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Depending upon the competition and prices offered, a wheat farmer may choose to grow a different crop. (Credit: modification of work by Daniel X. O’Neil/Flickr Creative Commons)
A Dime a Dozen
When you were younger did you babysit, deliver papers, or mow the lawn for money? If so, you faced stiff competition from a lot of other competitors who offered identical services. There was nothing to stop others from offering their services too.
All of you charged the “going rate.” If you tried to charge more, your customers would simply buy from someone else. These conditions are very similar to the conditions agricultural growers face.
Growing a crop may be more difficult to start than a babysitting or lawn mowing service, but growers face the same fierce competition. In the grand scale of world agriculture, farmers face competition from thousands of others because they sell an identical product. After all, winter wheat is winter wheat. But it is relatively easy for farmers to leave the marketplace for another crop. In this case, they do not sell the family farm, they switch crops.
Take the case of the upper Midwest region of the United States—for many generations the area was called “King Wheat.” According to the United States Department of Agriculture National Agricultural Statistics Service, statistics by state, in 1997, 11.6 million acres of wheat and 780,000 acres of corn were planted in North Dakota. In the intervening 15 or so years has the mix of crops changed? Since it is relatively easy to switch crops, did farmers change what was planted as the relative crop prices changed? We will find out at chapter’s end.
In the meantime, let’s consider the topic of this chapter—the perfectly competitive market. This is a market in which entry and exit are relatively easy and competitors are “a dime a dozen.”
Introduction to Perfect Competition
All businesses face two realities: no one is required to buy their products, and even customers who might want those products may buy from other businesses instead. Firms that operate in perfectly competitive markets face this reality. In this chapter you will learn how such firms make decisions about how much to produce, how much profit they make, whether to stay in business or not, and many others. Industries differ from one another in terms of how many sellers there are in a specific market, how easy or difficult it is for a new firm to enter, and the type of products that are sold. This is referred to as the market structure of the industry. In this chapter we focus on perfect competition. However, in other chapters we will examine other industry types: monopoly and monopolistic competition and oligopoly.
Perfect Competition and Why It Matters
Firms are said to be in perfect competition when the following conditions occur: (1) many firms produce identical products; (2) many buyers are available to buy the product, and many sellers are available to sell the product; (3) sellers and buyers have all relevant information to make rational decisions about the product being bought and sold; and (4) firms can enter and leave the market without any restrictions—in other words, there is free entry and exit into and out of the market.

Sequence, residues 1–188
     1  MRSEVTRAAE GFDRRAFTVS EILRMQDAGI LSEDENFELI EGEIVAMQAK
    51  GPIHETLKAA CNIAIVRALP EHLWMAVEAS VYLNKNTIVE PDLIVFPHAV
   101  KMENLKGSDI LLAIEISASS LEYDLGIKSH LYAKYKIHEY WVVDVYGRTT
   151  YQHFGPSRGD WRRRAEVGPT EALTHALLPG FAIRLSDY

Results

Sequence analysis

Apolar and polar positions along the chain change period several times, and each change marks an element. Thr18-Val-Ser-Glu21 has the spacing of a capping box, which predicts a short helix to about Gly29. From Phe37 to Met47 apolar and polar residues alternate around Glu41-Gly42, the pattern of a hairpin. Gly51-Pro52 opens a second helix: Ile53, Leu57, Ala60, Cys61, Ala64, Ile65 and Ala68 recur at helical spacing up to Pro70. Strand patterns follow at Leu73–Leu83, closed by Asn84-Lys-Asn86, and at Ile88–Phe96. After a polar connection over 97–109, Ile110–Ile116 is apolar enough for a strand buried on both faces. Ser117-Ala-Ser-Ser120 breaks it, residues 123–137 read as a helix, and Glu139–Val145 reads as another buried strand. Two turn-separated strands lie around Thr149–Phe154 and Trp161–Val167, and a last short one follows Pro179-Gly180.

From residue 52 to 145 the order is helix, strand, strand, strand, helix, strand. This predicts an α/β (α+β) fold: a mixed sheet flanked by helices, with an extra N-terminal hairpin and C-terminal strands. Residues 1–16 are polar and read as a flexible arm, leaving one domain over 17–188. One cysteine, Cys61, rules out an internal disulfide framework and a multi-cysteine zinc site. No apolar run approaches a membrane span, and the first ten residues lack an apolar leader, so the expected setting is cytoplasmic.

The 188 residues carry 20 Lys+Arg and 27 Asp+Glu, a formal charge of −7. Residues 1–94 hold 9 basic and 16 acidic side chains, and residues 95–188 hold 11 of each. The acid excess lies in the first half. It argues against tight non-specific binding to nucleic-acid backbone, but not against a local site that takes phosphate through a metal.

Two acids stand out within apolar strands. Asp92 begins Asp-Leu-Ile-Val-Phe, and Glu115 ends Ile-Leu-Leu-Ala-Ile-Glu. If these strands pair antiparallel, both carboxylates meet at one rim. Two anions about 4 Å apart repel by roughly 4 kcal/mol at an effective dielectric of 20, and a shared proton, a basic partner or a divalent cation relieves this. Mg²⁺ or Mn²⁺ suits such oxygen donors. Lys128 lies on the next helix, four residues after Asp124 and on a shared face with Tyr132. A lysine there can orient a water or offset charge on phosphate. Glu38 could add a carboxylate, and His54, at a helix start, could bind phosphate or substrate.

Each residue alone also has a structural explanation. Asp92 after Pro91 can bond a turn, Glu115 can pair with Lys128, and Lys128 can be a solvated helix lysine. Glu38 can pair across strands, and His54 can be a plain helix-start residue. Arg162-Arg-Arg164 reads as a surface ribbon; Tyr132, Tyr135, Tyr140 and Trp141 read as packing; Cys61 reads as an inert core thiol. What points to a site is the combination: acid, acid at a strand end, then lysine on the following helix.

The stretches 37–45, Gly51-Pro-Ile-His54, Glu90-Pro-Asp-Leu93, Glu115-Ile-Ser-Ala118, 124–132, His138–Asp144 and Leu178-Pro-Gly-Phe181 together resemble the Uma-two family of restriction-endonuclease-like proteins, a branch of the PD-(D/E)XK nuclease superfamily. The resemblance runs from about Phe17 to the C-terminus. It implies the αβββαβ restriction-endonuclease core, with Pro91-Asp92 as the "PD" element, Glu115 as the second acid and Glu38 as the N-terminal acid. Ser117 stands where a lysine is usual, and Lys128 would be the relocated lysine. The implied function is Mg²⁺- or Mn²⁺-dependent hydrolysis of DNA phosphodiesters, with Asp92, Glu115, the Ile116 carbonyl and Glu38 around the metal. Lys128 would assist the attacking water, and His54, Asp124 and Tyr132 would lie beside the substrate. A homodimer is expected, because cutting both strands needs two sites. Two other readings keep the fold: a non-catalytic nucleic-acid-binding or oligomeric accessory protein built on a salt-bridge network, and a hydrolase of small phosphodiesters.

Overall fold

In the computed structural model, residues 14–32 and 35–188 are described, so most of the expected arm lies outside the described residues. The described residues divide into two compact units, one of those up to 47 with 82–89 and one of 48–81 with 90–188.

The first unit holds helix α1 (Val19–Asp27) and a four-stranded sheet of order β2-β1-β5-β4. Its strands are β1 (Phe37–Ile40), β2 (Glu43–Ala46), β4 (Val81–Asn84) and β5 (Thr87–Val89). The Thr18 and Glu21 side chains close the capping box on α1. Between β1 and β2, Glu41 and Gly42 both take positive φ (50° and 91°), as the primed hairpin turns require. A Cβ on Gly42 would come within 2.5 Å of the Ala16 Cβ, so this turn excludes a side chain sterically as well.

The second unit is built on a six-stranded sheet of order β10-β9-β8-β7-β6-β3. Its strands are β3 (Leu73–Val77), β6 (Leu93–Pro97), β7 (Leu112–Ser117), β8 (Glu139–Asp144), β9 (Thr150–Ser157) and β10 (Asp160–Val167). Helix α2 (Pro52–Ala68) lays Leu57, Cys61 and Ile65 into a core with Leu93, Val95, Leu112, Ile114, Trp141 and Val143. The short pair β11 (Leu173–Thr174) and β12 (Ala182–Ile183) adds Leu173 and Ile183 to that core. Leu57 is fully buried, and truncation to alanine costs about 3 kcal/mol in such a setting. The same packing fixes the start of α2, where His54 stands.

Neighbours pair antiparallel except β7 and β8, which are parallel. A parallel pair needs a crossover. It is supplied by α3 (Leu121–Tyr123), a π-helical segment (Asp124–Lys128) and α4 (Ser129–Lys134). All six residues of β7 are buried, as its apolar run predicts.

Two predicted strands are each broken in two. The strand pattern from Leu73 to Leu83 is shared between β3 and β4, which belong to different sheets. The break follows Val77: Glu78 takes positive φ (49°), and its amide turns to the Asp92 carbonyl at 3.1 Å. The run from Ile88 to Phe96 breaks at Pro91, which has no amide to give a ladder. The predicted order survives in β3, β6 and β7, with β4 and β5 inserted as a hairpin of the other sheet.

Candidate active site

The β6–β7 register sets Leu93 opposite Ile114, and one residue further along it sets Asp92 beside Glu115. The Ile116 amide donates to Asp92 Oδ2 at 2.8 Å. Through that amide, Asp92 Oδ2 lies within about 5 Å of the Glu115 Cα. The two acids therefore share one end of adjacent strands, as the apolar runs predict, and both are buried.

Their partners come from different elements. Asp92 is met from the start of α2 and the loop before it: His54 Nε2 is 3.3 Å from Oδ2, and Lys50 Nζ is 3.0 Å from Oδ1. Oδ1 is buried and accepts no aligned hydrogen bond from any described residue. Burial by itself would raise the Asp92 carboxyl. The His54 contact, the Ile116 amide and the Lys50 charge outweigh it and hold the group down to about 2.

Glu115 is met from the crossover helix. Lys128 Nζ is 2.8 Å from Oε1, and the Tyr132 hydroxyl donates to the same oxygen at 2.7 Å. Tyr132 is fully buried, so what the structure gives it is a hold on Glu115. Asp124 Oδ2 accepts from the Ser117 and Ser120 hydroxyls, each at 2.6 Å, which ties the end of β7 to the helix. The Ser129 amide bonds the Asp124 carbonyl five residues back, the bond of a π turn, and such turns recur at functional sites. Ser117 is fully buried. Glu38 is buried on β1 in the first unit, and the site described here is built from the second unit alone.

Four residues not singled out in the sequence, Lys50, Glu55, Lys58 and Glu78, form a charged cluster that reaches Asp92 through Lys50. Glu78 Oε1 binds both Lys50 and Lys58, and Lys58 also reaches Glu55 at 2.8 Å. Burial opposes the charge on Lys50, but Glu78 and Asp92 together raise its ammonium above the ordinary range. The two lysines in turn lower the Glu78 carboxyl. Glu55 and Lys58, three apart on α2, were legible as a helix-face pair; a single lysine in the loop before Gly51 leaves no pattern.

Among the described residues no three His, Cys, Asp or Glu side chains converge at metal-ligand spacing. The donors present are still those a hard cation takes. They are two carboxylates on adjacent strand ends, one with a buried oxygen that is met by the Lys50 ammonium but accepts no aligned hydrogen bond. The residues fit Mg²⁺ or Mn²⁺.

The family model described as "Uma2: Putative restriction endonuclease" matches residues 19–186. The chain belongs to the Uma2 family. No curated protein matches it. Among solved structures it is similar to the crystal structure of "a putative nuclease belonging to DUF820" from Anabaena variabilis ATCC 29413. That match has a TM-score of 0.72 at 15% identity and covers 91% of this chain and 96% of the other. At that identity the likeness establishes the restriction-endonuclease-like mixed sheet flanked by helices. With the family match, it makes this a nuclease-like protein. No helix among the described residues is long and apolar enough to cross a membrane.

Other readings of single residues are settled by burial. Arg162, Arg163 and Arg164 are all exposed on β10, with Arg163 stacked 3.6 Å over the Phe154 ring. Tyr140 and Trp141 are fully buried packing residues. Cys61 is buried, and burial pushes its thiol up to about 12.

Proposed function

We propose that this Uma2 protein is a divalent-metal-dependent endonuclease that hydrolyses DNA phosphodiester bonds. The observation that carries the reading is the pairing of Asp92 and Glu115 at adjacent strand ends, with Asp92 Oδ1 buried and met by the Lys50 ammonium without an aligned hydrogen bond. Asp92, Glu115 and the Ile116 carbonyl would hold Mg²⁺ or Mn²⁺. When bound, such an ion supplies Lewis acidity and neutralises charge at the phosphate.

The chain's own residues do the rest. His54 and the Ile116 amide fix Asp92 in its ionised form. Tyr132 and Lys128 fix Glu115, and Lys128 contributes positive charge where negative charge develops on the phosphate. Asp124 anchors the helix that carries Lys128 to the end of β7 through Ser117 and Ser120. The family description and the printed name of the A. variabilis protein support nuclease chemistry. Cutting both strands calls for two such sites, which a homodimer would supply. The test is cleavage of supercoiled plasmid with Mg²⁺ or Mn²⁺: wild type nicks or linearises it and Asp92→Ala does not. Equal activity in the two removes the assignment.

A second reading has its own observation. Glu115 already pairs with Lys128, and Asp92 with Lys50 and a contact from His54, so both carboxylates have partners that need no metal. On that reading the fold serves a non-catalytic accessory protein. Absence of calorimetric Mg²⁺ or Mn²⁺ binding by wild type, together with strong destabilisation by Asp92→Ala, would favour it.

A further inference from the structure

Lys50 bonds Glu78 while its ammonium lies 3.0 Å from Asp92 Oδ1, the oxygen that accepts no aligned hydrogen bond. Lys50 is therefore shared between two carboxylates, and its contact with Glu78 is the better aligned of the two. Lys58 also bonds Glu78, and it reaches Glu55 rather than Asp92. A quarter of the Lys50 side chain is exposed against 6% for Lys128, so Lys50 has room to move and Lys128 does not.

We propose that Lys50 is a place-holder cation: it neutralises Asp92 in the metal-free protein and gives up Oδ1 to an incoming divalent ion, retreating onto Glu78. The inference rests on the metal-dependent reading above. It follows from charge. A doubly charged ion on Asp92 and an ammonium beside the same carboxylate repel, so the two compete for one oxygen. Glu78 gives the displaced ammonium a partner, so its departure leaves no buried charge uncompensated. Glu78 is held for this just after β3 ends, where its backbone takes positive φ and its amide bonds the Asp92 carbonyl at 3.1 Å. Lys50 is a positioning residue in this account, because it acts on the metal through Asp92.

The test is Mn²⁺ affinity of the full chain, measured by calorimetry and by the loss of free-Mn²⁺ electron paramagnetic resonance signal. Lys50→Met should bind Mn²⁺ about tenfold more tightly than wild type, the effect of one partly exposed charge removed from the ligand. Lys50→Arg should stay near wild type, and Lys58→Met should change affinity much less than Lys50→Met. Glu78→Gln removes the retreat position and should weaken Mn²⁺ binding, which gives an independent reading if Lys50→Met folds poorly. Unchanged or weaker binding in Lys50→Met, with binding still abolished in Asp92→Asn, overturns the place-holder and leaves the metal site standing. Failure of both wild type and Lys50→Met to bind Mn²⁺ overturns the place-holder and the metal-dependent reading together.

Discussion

A perfectly competitive firm is known as a price taker, because the pressure of competing firms forces them to accept the prevailing equilibrium price in the market. If a firm in a perfectly competitive market raises the price of its product by so much as a penny, it will lose all of its sales to competitors. When a wheat grower wants to know what the going price of wheat is, he or she has to go to the computer or listen to the radio to check. The market price is determined solely by supply and demand in the entire market and not the individual farmer. Also, a perfectly competitive firm must be a very small player in the overall market, so that it can increase or decrease output without noticeably affecting the overall quantity supplied and price in the market.
A perfectly competitive market is a hypothetical extreme; however, producers in a number of industries do face many competitor firms selling highly similar goods, in which case they must often act as price takers. Agricultural markets are often used as an example. The same crops grown by different farmers are largely interchangeable. According to the United States Department of Agriculture monthly reports, in 2012, U.S. corn farmers received an average price of $6.07 per bushel and wheat farmers received an average price of $7.60 per bushel. A corn farmer who attempted to sell at $7.00 per bushel, or a wheat grower who attempted to sell for $8.00 per bushel, would not have found any buyers. A perfectly competitive firm will not sell below the equilibrium price either. Why should they when they can sell all they want at the higher price? Other examples of agricultural markets that operate in close to perfectly competitive markets are small roadside produce markets and small organic farmers.
This chapter examines how profit-seeking firms decide how much to produce in perfectly competitive markets. Such firms will analyze their costs. In the short run, the perfectly competitive firm will seek the quantity of output where profits are highest or, if profits are not possible, where losses are lowest. In this example, the “short run” refers to a situation in which firms are producing with one fixed input and incur fixed costs of production. (In the real world, firms can have many fixed inputs.)
In the long run, perfectly competitive firms will react to profits by increasing production. They will respond to losses by reducing production or exiting the market. Ultimately, a long-run equilibrium will be attained when no new firms want to enter the market and existing firms do not want to leave the market, as economic profits have been driven down to zero.
A perfectly competitive firm has only one major decision to make—namely, what quantity to produce. To understand why this is so, consider a different way of writing out the basic definition of profit:
How Perfectly Competitive Firms Make Output Decisions
Since a perfectly competitive firm must accept the price for its output as determined by the product’s market demand and supply, it cannot choose the price it charges. This is already determined in the profit equation, and so the perfectly competitive firm can sell any number of units at exactly the same price. It implies that the firm faces a perfectly elastic demand curve for its product: buyers are willing to buy any number of units of output from the firm at the market price. When the perfectly competitive firm chooses what quantity to produce, then this quantity—along with the prices prevailing in the market for output and inputs—will determine the firm’s total revenue, total costs, and ultimately, level of profits.